Hacking My Blog Post Workflow

This blog runs on a little blogging engine called Toto. It’s entirely .txt file based, which is neat for a few reasons:

  • There are no databases to deal with
  • Posts are preserved in a future-friendly format
  • Everything can be easily backed up using Dropbox, Time Machine, etc.

These things all make Toto awesome, but the process of creating a new post was causing friction for me, so I decided to hack my way to a solution using a little Ruby, and my ol' friend Alfred App.

The Problem

Before today, getting a new post started was a bit of a process. Before starting to write I had to:

  • Find and then duplicate an existing post
  • Change the filename of the new file
  • Open the file in a text editor and
  • Delete the duplicated content of the new file
  • Update the metadata of the new file
  • Start writing

The Solution

I wanted to be able to hit command+space, and then type something like: “blog: Hacking My Blog Post Workflow”, and have that automatically complete the friction steps I mentioned earlier. Here’s what I wrote in a file called newpost.rb – but first a disclaimer: I don’t really know how to program, and this code is probably terrible to even the semi-trained eye.

dateDashed = Time.new.strftime("%Y-%m-%d")
dateSlashed = dateDashed.gsub('-','/')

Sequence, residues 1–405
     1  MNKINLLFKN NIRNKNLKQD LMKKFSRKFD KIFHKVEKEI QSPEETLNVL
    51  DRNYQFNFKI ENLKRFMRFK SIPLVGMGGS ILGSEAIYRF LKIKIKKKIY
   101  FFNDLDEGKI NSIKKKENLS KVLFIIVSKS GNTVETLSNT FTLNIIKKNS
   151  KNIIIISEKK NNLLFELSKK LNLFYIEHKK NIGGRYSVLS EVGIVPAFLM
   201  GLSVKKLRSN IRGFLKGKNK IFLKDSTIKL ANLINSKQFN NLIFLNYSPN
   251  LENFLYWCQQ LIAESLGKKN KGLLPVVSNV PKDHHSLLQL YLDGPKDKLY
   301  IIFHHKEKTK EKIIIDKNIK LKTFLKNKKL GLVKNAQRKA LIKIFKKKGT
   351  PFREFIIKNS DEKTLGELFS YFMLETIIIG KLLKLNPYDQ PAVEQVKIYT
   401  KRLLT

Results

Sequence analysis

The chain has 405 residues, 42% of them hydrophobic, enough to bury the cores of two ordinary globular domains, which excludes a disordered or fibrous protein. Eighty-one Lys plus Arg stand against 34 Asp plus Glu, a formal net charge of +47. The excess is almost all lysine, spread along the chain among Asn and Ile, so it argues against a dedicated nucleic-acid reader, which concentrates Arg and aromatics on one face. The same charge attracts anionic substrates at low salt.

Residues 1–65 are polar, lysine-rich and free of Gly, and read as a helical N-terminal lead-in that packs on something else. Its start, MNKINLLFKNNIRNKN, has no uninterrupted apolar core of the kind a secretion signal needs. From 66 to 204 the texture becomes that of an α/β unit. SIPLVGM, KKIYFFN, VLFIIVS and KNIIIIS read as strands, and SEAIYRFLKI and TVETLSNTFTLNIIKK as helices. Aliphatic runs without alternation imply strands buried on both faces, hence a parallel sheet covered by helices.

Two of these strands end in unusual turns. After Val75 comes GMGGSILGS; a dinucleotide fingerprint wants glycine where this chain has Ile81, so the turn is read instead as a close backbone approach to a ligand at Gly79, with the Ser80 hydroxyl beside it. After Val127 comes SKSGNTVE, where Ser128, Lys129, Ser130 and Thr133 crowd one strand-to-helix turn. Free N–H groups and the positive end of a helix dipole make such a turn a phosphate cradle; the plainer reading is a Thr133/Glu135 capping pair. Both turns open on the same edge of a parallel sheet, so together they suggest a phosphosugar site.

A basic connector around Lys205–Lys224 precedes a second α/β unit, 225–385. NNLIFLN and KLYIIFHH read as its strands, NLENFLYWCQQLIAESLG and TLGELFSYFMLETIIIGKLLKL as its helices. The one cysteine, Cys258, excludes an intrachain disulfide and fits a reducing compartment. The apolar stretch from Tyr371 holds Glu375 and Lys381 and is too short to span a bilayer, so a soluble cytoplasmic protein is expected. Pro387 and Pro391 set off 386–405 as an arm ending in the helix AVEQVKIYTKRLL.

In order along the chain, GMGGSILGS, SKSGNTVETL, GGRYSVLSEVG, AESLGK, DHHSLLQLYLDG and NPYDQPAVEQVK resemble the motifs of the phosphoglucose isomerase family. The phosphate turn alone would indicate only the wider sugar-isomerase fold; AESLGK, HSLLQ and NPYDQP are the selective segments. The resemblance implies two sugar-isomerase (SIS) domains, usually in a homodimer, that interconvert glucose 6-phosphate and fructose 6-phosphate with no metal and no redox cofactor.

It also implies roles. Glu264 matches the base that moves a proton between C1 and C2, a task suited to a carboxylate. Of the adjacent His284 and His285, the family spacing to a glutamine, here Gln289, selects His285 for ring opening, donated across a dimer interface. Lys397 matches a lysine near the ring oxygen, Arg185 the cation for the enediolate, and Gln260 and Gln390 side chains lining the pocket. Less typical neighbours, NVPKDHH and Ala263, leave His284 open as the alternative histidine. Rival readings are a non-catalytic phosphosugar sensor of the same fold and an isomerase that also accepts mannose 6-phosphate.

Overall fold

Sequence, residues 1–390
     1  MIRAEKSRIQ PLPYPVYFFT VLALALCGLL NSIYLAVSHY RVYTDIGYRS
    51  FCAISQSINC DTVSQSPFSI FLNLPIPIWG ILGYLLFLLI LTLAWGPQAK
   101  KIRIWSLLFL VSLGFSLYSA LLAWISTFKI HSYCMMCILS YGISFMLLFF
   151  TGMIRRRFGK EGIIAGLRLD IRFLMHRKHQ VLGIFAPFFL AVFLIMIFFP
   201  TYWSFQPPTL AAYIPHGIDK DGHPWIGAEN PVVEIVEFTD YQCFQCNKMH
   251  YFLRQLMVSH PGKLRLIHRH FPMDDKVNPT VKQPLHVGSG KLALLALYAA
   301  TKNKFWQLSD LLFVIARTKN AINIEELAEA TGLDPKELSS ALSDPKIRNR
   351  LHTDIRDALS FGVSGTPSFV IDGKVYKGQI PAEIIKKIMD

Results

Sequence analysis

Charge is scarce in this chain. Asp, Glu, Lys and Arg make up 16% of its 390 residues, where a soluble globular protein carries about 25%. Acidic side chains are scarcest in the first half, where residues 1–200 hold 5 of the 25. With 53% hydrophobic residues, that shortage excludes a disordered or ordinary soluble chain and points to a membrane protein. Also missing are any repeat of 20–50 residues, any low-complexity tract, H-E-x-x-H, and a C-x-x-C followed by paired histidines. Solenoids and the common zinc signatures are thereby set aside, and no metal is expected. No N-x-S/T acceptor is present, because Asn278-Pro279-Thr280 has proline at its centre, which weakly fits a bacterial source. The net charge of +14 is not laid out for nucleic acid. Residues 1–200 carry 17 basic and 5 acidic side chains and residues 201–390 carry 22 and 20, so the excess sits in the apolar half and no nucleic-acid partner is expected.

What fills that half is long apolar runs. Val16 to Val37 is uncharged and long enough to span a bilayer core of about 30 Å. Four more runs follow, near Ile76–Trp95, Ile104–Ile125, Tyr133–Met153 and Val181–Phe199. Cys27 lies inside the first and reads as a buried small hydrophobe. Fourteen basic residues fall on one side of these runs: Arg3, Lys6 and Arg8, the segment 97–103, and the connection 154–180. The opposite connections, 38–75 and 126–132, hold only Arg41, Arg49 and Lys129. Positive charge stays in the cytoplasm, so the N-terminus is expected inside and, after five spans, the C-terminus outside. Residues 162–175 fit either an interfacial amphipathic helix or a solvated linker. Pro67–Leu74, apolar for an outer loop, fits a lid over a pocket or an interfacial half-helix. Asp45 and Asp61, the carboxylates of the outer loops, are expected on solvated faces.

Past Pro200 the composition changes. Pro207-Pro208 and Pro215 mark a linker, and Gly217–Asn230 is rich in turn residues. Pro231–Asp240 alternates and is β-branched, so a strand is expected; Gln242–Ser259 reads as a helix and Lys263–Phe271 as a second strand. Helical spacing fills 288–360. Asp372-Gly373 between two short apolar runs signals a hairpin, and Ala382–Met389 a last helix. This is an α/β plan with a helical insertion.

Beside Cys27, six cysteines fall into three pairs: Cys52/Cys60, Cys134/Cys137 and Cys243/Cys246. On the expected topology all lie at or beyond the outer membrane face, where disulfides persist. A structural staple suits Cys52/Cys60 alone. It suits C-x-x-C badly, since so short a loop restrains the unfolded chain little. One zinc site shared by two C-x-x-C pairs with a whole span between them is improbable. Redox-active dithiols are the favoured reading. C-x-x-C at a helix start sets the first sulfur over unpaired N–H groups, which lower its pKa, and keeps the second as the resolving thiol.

def prompt(default, *args)
  result = gets.strip
  return result.empty? ? default : result

title = prompt "New", "Article Title: "
urlTitle = title.gsub(' ', '-').downcase

content = "title: #{title}\ndate: #{dateSlashed}\nkind: article\n"

filename = "./articles/#{dateDashed}-#{urlTitle}.txt"

File.open filename, 'w' do |f|
    f.write content

system('open #{filename}')

This little program grabs the current date, and saves it in two formats, then asks me what the post title should be. Once it’s gathered that information it creates a new file using the date and title for the filename, and the post’s in-file metadata, and then opens that file for me in a text editor.

When I finished writing this, I was just running the file from the terminal like so:

ruby newpost.rb
> Article Title: Hacking My Blog Post Workflow

This worked, but still felt like I had to do too much work.

Enter Alfred

Fortunately I’ve been using a great little utility called Alfred. Alfred helps you with launch applications, quick calculations, checking spellings and definitions, and other useful things like that.

Just this week I discovered that Alfred also has the ability to run some commands in terminal for me, and even pass input from me to the terminal. I took advantage of this and created a new Extension that looks like this:

cd ~/Blog
ruby newpost.rb

This jumps to my Blog folder, runs my ruby file that I wrote earlier, passes it the query that I gave to Alfred, and then closes the terminal window.

Final Product

Now when I want to write a new post I just hit command-space then type “blog: Some New Post Title”. About half a second later my text editor pops up with my newly created post file. Beautiful.